5 Biblical Words for Love

Master, which is the great commandment in the law? Jesus said unto him, Thou shalt love the Lord thy God with all thy heart, and with all thy soul, and with all thy mind. This is the first and great commandment. And the second is like unto it, Thou shalt love thy neighbor as thyself. On these two commandments hang all the law and the prophets. 
Matthew 22:36-40 KJV

We are called to love God and love others, but how do we understand what love really is?

Studies of 5 Hebrew and Greek words for love help us understand what loving someone really means.

1. Ahab: Hebrew word for love. Describes a variety of intensely close emotional bonds. So Abraham loved his son Isaac (Gen. 22:2), Isaac loved his son Esau (Gen. 25:28), and “Israel loved Joseph more than all his children” (Gen. 37:3). In a more romantic manner, Isaac loved his wife Rebekah (Gen. 24:67), and Jacob loved Rachel (Gen. 29:18), but Delilah manipulated Samson by challenging his love for her (Judg. 14:16). We are all called to love the Lord, by expressing obedience to His commandments (Deut. 6:5), and to “love thy neighbour as thyself” (Lev. 19:18). Moreover, “he that getteth wisdom loveth his own soul” (Prov. 19:8).

2. Agapao: God’s love is described as the Greek word agapao, which means unconditional love, preferential love that is chosen and acted out by the will. It is not love based on the goodness of the beloved, or upon natural affinity or emotion. Rather this is benevolent love that always seeks the good of the beloved. This type of love is exclusive to the Christian community because it flows directly from God’s love: “Beloved, let us love one another: for love is of God; and everyone that loveth is born of God, and knoweth God. He that loveth not knoweth not God; for God is love” (1 John 4:7,8).

3. Agape: Although common in both the Septuagint and the New Testament, the word rarely occurs in existing secular Greek manuscripts of the period. Like its synonym philia, it designates love between persons (John 13:35), or people for God (1 John 2:15), of God for humanity (Rom. 5:8), and of God for Christ (John 17:26). Whereas phila emphasizes the idea of love arising from personal relationships, agape is founded upon deep appreciation and high regard. It is perhaps for this reason that agape is the love which God commands.

4. Phileo: One of four greek words for love, this one signifies friendship, fondness, affection, delight, and personal attachment. This word is on of feeling – a heart of love – whereas agape is a matter of benevolence, duty, and commitment. We are commanded to have agape love (Matt. 5:44) but not phileo love because feelings cannot be commanded. Phileo is also the word for “kiss.” Jesus asked peter if he had unconditional, sacrificial agape love, but Peter responded that he had phileo, or brotherly love. Peter’s love deepened, and he wrote of agape love in his later books.

5. Philadelphia: With the roots words phileo, “to love,” and adelphos “brother,” this word signifies loving someone like a brother or sister. We might think of it as fraternal affection. This is not the love God has for us, but rather love between brothers and sisters in Christ. It implies that a familial bond between people who would not otherwise share affection is possible through Christ.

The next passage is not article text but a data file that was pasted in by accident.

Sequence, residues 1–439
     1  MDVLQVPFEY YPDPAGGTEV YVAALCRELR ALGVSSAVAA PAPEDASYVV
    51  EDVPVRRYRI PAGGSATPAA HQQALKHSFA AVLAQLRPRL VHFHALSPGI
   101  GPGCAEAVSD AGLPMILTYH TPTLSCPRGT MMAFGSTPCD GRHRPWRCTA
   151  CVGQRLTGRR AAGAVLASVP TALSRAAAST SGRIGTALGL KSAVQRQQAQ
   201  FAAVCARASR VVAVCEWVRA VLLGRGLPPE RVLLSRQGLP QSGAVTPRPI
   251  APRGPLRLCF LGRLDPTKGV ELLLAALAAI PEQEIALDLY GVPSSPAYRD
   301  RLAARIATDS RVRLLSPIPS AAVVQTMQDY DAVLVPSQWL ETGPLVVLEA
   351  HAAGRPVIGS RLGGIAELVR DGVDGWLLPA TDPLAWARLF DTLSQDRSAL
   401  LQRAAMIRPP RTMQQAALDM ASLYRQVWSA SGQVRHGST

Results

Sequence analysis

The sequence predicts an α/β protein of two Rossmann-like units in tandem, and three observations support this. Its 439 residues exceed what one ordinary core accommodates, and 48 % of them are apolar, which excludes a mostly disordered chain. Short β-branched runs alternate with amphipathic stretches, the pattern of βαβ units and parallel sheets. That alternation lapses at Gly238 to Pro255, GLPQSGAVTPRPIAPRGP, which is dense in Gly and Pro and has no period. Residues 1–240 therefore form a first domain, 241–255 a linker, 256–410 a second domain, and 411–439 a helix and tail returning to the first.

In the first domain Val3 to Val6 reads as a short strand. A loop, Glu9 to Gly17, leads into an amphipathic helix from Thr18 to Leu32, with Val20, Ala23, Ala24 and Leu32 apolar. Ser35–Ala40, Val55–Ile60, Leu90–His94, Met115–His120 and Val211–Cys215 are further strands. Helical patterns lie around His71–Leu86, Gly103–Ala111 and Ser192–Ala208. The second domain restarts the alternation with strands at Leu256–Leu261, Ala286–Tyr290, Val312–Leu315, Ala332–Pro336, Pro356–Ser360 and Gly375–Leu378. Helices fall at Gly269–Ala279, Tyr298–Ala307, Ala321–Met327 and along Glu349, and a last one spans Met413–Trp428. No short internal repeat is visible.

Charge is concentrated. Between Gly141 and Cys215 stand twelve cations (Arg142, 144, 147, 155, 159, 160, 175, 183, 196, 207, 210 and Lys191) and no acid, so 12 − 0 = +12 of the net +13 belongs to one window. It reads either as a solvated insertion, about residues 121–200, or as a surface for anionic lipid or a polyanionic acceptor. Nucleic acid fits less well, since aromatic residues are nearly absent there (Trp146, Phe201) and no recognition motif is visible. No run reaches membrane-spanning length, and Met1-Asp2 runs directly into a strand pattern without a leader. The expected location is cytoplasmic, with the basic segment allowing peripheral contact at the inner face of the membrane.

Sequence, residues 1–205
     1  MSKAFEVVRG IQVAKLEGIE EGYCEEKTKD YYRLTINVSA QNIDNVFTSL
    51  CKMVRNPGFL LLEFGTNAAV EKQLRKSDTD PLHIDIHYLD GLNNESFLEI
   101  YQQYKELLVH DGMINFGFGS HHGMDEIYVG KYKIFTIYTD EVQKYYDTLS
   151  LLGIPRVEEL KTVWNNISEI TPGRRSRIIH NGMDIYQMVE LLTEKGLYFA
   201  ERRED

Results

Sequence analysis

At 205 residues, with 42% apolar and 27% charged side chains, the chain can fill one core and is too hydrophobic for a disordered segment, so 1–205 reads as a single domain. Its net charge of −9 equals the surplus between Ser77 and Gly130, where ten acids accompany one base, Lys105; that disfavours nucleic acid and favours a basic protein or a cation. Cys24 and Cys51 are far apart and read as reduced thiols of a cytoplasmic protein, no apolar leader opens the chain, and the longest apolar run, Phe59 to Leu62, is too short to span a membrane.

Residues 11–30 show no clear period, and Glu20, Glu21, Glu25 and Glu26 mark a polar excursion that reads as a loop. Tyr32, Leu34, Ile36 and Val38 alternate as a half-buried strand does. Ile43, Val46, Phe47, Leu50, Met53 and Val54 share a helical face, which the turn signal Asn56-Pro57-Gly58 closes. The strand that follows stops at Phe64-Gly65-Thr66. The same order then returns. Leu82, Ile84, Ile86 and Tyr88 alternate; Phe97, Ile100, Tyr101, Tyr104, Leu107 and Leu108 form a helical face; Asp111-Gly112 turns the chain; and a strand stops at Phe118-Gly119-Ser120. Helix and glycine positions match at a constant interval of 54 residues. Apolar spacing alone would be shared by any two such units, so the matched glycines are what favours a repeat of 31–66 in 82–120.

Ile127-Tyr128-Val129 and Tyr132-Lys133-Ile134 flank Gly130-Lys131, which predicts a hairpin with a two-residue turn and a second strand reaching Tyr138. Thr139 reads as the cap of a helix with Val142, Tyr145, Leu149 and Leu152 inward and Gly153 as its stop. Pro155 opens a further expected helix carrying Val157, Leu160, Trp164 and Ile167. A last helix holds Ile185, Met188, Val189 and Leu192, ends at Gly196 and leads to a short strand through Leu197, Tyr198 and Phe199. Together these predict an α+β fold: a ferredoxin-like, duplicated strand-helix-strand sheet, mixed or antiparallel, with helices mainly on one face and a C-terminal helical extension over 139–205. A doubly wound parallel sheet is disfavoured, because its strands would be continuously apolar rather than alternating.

What does “Love the Lord thy God with all thy heart, and with all thy soul, and with all thy mind” mean to you?

Bible Study

More
  • Jesus: Prince of Peace

    Isaiah 9:6-7 For to us a child is born, to us a son is... Read more
  • man holding face in hands

    Why Does God Allow Bad Things To Happen?

    No one knows the mind of God, except for God himself.... Read more
  • What the Bible Tells Us About Luke

    One of the essential qualities of a good doctor is... Read more

Comfort

More
  • Jesus: Prince of Peace

    Isaiah 9:6-7 For to us a child is born, to us a son is... Read more
  • man holding face in hands

    Why Does God Allow Bad Things To Happen?

    No one knows the mind of God, except for God himself.... Read more
  • How Do We Keep the Peace of God in Our Lives?

    Paul tells us to “be anxious for nothing” (Phil.... Read more

Devotional Reading Plans

More
  • Living a Balanced Life

    This 7-day devotional offers reminders of what is most... Read more
  • A Transformed Life

    This 7-day devotional offers inspiring and challenging... Read more
  • Parenting with Grace

    Raising children brings incredible joy and... Read more

Prayer

More
  • Does Anything Prevent God from Answering Our Prayers?

    ... Read more
  • 5 Easy Things You Can Do to Hear the Lord’s Voice More Clearly

    “Hear, O My people, and I will admonish you! O... Read more
  • Understanding the Lord’s Prayer

    He said to them, “When you pray, say: ‘Father,... Read more

SpeakLight

More
  • Romans 8:28 SpeakLight Danny Gokey

    Romans 8:28 / #SpeakLight / Danny Gokey

    And we know that all things work together for good to... Read more
  • James 5:16 - Steven Malcolm

    James 5:16 / #SpeakLight / Steven Malcolm

    Confess your trespasses to one another, and pray for... Read more
  • 2 corinthians 5:17 phil joel

    2 Corinthians 5:17 with Phil Joel

    Therefore, if anyone is in Christ, he is a new... Read more

Spiritual Growth

More
  • A Biblical Theology of the True Davidic King

    As is true with other kings in David’s line, when... Read more
  • Anything You Hold Too Tightly You Will Lose

    Sometimes in this life of faith, God will remove His... Read more
  • King Jesus is Coming

    After Jesus ascended to heaven, the disciples looked... Read more